After the collapse of the Soviet Union, manifestations of state-supported anti-Semitism disappeared in Europe, but it was replaced by the so-called political anti-Semitism – the use of anti-Semitic rhetoric by politicians to win the sympathy of voters.
Despite only few instances of physical violence against Jews and acts of vandalism, general sentiment in Europe, as a result of insufficient counteraction to political anti-Semitism, paints a threatening picture: one in four Europeans today hold anti-Semitic views. This data is provided by the Anti-Defamation League (ADL) in its report Choosing Antisemitism: Instrumentalization and Tolerance of Antisemitism in Contemporary European Politics.
ADL calls the significant increase in anti-Semitic sentiment in the UK in 2015-2020 as the most typical example of political anti-Semitism. On the eve of the elections at the end of 2019, the number of British Jews who were going to leave the country reached 47%, or about 90,000 people.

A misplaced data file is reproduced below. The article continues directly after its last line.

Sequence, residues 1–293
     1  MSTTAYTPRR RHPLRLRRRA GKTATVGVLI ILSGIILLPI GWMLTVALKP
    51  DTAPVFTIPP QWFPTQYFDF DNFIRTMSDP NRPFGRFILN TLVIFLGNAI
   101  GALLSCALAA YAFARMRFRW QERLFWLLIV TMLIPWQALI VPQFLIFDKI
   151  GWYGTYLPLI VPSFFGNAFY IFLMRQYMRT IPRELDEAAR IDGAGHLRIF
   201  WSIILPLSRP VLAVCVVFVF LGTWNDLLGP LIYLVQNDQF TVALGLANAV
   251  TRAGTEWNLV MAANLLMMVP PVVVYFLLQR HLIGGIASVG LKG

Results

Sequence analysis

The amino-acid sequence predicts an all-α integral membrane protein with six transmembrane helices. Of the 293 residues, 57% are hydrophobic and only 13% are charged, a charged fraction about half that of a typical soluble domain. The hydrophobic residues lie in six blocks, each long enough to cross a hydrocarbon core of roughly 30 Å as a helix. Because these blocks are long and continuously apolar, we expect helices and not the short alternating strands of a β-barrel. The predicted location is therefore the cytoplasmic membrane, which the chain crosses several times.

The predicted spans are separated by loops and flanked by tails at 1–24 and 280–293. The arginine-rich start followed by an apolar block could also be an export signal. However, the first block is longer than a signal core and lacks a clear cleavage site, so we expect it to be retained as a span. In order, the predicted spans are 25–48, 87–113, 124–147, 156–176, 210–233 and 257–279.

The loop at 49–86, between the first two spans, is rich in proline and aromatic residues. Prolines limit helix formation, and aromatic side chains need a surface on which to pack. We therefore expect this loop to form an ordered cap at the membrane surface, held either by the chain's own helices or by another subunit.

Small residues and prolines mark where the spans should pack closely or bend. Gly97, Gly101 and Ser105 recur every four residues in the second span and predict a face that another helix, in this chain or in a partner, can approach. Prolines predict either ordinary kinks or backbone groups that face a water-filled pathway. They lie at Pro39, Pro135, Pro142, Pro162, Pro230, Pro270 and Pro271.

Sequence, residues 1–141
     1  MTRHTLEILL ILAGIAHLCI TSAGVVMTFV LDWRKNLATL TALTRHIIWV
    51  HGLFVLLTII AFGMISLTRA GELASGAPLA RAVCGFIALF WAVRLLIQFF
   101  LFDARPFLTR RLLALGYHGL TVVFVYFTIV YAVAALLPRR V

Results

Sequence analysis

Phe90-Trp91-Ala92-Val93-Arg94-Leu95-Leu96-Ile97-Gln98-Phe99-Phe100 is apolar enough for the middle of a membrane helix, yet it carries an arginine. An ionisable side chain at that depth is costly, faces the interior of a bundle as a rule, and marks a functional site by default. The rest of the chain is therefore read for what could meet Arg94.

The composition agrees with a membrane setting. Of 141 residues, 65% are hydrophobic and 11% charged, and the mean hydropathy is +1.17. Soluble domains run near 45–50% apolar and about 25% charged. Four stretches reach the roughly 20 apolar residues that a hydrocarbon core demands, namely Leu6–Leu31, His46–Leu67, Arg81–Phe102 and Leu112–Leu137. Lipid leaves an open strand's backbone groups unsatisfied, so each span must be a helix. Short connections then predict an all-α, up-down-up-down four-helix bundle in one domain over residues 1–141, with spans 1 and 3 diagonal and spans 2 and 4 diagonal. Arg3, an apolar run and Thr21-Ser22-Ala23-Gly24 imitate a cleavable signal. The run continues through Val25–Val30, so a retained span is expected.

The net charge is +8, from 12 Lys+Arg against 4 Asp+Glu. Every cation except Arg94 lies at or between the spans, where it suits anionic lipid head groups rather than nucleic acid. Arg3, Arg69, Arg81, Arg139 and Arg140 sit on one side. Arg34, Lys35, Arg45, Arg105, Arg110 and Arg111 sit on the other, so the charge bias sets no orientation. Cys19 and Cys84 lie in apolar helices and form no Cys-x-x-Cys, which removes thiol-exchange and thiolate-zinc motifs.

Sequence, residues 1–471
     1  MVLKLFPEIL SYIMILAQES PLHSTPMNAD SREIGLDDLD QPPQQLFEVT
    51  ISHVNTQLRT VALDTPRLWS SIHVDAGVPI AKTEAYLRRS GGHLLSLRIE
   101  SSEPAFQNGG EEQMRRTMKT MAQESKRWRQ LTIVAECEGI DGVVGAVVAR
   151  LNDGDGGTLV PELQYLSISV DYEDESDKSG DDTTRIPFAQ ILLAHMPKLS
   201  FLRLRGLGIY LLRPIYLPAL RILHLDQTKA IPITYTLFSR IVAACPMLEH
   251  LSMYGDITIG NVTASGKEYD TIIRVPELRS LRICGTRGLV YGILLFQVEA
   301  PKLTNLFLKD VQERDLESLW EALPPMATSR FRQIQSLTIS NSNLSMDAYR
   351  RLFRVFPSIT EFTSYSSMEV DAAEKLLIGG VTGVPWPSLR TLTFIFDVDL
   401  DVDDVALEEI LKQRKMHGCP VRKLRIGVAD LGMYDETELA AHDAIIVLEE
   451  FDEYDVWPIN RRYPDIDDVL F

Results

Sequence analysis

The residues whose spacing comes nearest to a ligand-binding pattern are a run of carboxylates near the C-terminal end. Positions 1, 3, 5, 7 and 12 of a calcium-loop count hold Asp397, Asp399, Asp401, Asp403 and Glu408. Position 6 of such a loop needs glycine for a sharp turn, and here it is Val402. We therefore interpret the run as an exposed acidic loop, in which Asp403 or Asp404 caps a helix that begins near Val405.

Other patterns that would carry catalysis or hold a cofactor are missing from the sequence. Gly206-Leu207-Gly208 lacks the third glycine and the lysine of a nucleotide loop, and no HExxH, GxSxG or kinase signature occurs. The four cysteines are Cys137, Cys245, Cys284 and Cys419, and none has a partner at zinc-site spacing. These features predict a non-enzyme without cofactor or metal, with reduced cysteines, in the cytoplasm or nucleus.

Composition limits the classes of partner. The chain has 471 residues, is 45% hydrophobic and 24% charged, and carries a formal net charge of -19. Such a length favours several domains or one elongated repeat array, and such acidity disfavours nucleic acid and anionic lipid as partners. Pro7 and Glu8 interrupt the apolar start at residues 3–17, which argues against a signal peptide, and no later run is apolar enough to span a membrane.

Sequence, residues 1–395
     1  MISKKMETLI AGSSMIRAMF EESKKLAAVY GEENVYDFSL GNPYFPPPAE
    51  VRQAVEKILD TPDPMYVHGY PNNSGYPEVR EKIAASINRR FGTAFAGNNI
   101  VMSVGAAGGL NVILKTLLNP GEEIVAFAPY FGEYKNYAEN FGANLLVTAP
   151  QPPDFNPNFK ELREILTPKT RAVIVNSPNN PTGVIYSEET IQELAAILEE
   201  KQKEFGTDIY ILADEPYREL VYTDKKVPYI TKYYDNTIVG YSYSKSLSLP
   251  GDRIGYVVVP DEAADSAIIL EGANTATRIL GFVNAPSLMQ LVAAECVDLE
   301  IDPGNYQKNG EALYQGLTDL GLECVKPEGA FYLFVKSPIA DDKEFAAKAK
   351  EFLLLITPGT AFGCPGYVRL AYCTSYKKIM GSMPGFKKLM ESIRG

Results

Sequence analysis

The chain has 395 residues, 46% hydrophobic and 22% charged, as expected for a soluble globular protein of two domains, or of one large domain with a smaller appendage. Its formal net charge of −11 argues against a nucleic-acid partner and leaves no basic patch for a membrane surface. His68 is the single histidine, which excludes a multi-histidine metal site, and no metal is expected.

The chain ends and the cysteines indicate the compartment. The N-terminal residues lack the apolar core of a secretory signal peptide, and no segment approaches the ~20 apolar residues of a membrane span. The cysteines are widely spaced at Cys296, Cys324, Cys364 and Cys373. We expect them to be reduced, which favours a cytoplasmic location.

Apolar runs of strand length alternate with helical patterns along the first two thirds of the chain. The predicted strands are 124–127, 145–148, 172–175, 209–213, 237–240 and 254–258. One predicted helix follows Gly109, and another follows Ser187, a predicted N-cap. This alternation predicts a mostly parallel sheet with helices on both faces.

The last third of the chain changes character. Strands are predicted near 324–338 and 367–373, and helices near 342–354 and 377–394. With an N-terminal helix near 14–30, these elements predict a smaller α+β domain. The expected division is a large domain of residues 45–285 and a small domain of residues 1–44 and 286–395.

A similar surge in anti-Semitic sentiments was also noted in Poland on the eve of the 2019 presidential elections, when polls showed anti-Semitic sentiments among 48% of the population – the highest rate in Europe.
The exact opposite was the situation in Ukraine, where anti-Semitic rhetoric was not used in the 2019 elections. At the same time, along with the political manifestation of anti-Semitism, the ADL calls the trivialization of the Holocaust as another manifestation of the anti-Semitism today. The Anti-Defamation League also considers the glorification of some heroes in the struggle for independence, in isolation from their participation in the extermination of Jews, as a veiled manifestation of anti-Semitism.